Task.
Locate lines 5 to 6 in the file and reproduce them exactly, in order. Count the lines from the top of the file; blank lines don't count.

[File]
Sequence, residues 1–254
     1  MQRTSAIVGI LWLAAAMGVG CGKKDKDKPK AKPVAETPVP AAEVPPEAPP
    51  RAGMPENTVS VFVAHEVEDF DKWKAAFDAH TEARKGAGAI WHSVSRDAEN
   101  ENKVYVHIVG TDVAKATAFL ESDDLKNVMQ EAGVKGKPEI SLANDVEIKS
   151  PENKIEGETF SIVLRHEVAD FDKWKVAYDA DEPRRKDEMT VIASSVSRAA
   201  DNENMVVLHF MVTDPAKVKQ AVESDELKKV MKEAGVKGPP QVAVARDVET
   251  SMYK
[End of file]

   151  PENKIEGETF SIVLRHEVAD FDKWKVAYDA DEPRRKDEMT VIASSVSRAA
   201  DNENMVVLHF MVTDPAKVKQ AVESDELKKV MKEAGVKGPP QVAVARDVET